That was near the end of the last Nova term in the spring, in the weeks before I left Gainesville for good, when I brought some things down in a rental car.
How extraordinary that Howards End – the audiotape – kept me company then, and now, nearly seven months later, after being with my parents, and then with Teresa and Paul and Jade on Long Island, at Ragdale in Chicago, at the house in Williamsburg in Brooklyn, and now starting my fourth of six months in this apartment in Davie – after a semester of teaching at FAU and Nova, after Dad’s heart attack, and so much else – I’m back with Howards End again.
It makes me feel that just as the Schlegels were fated to get Howards End, if I put myself in the hands of the universe, everything will turn out as it’s meant to be.
If I meet Gianni tomorrow and it doesn’t work out, it’s because it’s not meant to be. With Sean, back in the spring of 1982, everything that happened was meant to be. It was with Ronna, too.
Ronna called today, and it was so good to talk to her. She and Matthew and the children will be coming down in two weeks, to stay from Thursday night to Sunday morning, for Billy’s wedding here in Davie. Her mother will fly to Orlando, and she’ll drive down here with Ronna’s sister, brother-in-law and aunt.
Beatrice, who still hasn’t recovered fully from the stroke and probably never will, plans to spend the winter in Orlando, staying at her house with a home aide all day and sleeping at her sister’s at night. In March, she’ll go back to Philadelphia to stay with Ronna and Matthew and the girls.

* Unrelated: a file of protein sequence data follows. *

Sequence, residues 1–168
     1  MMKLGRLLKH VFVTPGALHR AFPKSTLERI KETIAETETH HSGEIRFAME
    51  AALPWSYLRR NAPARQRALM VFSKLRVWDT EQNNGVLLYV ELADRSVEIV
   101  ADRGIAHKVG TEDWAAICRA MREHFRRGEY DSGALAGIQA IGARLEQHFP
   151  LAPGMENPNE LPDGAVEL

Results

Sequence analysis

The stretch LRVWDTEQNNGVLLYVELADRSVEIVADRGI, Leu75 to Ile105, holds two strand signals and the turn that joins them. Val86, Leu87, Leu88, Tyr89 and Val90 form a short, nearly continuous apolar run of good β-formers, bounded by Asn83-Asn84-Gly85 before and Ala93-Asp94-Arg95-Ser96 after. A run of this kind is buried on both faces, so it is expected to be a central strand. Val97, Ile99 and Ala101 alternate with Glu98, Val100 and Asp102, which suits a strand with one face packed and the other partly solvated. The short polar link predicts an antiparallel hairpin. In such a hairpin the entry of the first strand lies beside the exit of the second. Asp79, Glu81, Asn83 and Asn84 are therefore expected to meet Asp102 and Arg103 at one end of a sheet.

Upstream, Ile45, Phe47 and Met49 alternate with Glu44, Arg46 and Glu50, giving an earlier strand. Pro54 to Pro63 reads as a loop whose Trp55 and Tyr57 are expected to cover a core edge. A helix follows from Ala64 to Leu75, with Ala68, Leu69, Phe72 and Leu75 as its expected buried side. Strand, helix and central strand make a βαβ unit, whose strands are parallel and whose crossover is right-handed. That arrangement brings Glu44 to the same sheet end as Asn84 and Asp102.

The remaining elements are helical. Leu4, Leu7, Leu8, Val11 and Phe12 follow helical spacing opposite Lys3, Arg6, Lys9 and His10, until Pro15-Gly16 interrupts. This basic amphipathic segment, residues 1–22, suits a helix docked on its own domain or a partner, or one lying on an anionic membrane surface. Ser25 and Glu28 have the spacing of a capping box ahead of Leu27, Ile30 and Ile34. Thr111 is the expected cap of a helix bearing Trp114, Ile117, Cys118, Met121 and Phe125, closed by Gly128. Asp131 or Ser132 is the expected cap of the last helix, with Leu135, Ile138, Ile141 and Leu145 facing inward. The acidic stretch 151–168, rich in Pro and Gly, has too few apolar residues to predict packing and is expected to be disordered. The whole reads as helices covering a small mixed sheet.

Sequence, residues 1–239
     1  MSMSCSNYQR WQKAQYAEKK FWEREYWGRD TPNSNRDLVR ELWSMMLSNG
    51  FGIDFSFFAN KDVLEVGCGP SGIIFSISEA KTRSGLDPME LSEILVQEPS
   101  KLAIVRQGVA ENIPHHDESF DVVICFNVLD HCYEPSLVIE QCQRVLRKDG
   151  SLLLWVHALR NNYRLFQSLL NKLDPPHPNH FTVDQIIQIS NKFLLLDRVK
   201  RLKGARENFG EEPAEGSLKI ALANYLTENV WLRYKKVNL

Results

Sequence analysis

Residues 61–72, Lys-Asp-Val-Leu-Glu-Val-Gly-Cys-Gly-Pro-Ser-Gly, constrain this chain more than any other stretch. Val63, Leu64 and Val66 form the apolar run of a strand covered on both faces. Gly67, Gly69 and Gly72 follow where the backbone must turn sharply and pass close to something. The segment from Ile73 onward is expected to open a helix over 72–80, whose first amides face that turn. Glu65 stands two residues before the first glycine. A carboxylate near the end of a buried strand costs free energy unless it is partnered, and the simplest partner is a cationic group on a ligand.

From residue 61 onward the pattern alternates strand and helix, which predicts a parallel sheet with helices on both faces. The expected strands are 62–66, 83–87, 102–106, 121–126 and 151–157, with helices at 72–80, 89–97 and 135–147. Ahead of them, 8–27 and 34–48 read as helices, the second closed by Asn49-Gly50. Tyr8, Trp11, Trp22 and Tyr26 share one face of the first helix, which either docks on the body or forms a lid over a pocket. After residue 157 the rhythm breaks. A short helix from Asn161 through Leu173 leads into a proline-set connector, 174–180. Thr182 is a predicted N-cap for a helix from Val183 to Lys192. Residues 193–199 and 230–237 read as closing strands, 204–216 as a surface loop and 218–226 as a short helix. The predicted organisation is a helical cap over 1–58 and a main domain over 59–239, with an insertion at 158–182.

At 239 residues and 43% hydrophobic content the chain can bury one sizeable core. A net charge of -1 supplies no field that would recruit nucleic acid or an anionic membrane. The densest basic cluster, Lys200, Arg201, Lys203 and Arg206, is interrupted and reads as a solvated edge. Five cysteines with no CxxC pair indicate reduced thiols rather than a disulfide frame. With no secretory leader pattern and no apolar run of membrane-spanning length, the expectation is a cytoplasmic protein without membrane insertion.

For Billy’s wedding, Ronna and her family will be staying with Matthew’s sister in Kendall. With the money they’re saving by not staying at a hotel, they can stay an extra day and get an airplane seat for little Abigail, who’s got a baby-dress she can wear to the wedding. Chelsea will be the flower girl at a nondenominational Christian service for fifty guests.
I hope I can see Ronna and Matthew and their kids in two weeks.
Tomorrow will be my half-birthday, so I’ve got six months to go till I’m 47.
Thursday, December 4, 1997
4 PM. It’s a gloomy day with the steadiest, hardest rainfall I can remember outside of a tropical storm.
I called Gianni an hour ago, and he said he’d call me to say when we’re going to meet, but I wonder if today is a good day, especially around rush hour when the roads are likely to be flooded.
He called just before noon, around the time I was planning to call him. Oddly enough, he suggested we meet at the very spot I was going to suggest: the Borders bookstore in Fort Lauderdale. But he’d just woken up, and he said he wouldn’t be done with “domestic stuff” till late afternoon.
I doubt our meeting is going to lead to anything, and right now I feel like I want to stay home the rest of the day.
Last night when I called Dad, he said the cardiologist had checked him out, prescribed a cholesterol-lowering drug and adjusted his other medications, told him to walk 40 minutes a day, and said he could start working normal hours.
So I guess Dad’s not an invalid. In January he’ll go back for a stress test and we’ll see what happens from there.
I suppose it’s great that Dad doesn’t seem to be suffering from the depression that affects a quarter of cardiac patients after their first heart attack. On the other hand, with Dad, who would be able to tell?
I slept soundly last night, but I was making up the lost sleep. I had pleasant dreams about walking, or running, or flying around my old neighborhood in Brooklyn in the early hours of the morning as kids were going to P.S. 203 and the sanitation trucks began to pick up garbage.